Sir Henry Irving, born John Henry Brodribb on 6th February 1838, was an outstanding actor-manager of the Victorian theatre, renowned for the many seasons he produced at the Lyceum Theatre, London. His pre-eminence was reflected in his being knighted in 1895, the first actor to be so honoured.
Entering the office of a law firm after leaving school, he embarked upon a stage career in 1856, but it would be some 15 years before he achieved real success. He toured the provinces with many companies facing struggles both professionally and financially and it was in these years that he came to work and live in Liverpool.
In the Spring of 1866, stranded by the collapse of a theatrical venture, Irving was fortunate to secure a six month’s engagement at the small ‘Prince of Wales Theatre’ in Clayton Square. Accompanied by his dog, a large retriever called ‘Bloom’ he went in search of lodgings at 83 Mount Pleasant. This was the home of the Thomas family, the diminutive Hannah Thomas taking in paying guests to fill the gaps in the family income left by her husband Walter’s somewhat feckless approach to employment. Whilst his engagement at the Prince of Wales kept his head above water his stay in Liverpool saw him before the courts, being sued for a debt of about £20. He escaped sanction by the court when Walter Thomas loaned him the sum, which was duly repaid by Irving. Shortly after he returned to London and, eventually, fame and fortune.
His Liverpool sojourn was also incidental in launching another theatrical career. The son of the household in which he lodged, the 18-year old Brandon Thomas, was so taken with his visits to see their lodger perform that he set his own sights on a career on the stage. Brandon Thomas would go on to have a long and fairly successful acting career, being mostly remembered however for being the writer of the ever-popular farce Charley’s Aunt.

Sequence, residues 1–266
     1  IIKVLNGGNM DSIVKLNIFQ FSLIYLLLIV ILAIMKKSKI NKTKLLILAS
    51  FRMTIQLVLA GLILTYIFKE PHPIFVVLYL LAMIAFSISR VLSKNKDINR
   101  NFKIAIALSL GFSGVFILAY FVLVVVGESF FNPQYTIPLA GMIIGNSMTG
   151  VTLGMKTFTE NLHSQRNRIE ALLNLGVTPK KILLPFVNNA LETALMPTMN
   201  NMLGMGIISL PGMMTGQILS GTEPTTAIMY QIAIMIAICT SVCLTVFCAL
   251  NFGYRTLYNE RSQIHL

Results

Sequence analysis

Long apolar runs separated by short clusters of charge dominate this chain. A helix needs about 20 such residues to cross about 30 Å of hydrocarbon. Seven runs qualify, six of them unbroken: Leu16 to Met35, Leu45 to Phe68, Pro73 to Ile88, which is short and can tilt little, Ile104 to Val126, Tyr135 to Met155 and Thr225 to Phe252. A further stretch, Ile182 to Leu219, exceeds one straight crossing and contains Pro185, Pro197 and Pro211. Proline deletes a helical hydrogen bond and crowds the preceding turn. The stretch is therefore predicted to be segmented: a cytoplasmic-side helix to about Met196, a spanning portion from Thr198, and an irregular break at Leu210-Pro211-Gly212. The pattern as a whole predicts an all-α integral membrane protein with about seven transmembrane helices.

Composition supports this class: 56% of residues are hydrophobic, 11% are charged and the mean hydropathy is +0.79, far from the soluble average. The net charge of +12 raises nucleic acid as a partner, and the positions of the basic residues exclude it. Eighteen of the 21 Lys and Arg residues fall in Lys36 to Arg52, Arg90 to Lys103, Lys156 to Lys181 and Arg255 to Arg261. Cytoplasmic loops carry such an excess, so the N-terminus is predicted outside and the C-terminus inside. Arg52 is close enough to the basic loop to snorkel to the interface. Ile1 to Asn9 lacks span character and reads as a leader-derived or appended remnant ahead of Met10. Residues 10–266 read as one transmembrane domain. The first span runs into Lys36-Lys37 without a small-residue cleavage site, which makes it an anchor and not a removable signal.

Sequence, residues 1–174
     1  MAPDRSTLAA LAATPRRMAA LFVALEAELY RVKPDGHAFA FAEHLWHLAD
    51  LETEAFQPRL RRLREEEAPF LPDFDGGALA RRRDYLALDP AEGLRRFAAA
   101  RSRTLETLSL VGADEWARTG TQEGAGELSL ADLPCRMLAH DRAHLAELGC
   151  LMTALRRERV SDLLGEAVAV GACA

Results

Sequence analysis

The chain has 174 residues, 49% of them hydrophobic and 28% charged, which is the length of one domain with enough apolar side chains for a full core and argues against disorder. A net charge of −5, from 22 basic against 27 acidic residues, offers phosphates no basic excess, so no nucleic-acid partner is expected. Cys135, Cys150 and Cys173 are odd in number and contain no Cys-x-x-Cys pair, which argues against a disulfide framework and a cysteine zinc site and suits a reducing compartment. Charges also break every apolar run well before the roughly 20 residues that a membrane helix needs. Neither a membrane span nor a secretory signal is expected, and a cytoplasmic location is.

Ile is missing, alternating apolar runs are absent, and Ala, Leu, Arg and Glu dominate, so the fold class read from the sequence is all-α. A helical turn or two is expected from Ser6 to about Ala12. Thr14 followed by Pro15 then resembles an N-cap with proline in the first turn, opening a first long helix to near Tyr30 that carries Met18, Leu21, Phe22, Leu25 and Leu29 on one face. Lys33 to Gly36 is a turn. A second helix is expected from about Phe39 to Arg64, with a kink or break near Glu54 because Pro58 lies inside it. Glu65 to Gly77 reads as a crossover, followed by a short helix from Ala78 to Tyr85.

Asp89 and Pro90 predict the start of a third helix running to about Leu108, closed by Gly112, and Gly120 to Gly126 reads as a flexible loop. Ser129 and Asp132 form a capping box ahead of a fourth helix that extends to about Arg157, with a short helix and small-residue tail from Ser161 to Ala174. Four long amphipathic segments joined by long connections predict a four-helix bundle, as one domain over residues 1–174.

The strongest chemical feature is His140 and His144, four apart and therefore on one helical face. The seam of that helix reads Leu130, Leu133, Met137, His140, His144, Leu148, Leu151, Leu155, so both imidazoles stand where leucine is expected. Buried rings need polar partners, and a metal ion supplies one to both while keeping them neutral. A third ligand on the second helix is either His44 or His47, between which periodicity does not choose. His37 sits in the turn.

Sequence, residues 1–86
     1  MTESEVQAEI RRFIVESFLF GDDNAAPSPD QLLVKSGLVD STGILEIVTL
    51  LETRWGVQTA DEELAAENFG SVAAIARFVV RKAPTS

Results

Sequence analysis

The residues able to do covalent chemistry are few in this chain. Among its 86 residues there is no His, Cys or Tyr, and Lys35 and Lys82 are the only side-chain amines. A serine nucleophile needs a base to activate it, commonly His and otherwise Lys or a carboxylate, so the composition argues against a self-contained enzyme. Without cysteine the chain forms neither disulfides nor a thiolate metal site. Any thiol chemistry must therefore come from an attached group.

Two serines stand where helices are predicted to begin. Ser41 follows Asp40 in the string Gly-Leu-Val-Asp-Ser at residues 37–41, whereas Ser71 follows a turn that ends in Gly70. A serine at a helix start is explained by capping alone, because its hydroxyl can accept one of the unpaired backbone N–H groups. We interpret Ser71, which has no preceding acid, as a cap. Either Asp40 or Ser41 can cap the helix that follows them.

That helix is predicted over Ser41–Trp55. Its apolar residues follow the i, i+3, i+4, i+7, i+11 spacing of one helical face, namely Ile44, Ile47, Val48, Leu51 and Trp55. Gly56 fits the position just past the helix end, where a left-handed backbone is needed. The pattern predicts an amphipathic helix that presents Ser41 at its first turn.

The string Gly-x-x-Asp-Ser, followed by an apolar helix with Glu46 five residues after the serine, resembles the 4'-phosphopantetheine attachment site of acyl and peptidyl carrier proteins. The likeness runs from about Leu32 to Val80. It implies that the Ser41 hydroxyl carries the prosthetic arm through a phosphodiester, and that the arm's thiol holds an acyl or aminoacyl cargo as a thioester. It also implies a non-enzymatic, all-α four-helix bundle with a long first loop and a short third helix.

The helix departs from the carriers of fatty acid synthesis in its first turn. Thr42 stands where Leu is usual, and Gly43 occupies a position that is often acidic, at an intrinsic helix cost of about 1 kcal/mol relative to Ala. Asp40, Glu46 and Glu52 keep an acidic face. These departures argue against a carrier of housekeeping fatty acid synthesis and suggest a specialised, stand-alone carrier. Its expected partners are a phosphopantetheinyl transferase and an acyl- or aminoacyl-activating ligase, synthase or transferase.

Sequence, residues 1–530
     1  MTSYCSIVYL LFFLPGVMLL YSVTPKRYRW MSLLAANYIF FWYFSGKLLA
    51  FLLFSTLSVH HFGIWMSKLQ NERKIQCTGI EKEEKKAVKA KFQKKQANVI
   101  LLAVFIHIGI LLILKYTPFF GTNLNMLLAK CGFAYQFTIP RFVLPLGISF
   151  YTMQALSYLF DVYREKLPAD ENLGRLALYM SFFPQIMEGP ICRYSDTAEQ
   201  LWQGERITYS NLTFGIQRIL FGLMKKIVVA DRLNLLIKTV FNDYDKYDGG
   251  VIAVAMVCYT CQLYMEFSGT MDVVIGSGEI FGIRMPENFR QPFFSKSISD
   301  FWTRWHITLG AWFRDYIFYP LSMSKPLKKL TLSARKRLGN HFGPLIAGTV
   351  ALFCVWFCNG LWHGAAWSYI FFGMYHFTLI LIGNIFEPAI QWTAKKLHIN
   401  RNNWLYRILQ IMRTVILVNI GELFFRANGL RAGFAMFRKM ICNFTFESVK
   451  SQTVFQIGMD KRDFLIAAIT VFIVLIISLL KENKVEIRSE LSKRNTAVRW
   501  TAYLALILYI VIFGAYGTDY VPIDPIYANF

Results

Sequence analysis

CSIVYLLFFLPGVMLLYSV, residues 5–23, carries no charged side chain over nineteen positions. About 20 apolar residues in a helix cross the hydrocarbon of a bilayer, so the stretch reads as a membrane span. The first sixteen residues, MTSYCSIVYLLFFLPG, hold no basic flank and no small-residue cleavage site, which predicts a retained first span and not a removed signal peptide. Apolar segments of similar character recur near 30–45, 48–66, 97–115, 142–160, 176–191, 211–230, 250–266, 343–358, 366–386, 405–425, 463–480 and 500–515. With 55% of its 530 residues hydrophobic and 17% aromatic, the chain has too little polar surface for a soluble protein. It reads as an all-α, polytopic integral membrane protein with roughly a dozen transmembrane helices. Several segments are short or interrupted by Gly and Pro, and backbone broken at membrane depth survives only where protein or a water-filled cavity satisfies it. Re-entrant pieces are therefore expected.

Henry Irving died on 13th October 1905. During a performance at Bradford he suffered a stroke and was taken to the lobby of the Midland Hotel where he died. The chair upon which he was sitting when he died is now in the Garrick Club. Irving’s ashes were placed in Westminster Abbey, making him the first person to be interred in the Abbey after cremation.
The Thomas household where Henry Irving lodged during his season at the Prince of Wales theatre in 1866.
The Prince of Wales theatre was demolished in 1912 and replaced by a cinema.
A notice for a performance by Irving in the Liverpool Mail.
There is a comprehensive entry for Irving in the Oxford Dictionary of National Biography and the Wikipedia entry is quite detailed. I obtained details of his Liverpool stay from the biography of Brandon Thomas, Charley's Aunt's Father [Jevan Brandon-Thomas 1955]. there are many biographies of Irving, including one by Bram Stoker (author of Dracula) who worked for Irving as a theatre manager. There are sound recordings of Irving one of which you can hear on YouTube (an extract from Shakespeare's Henry VIII)
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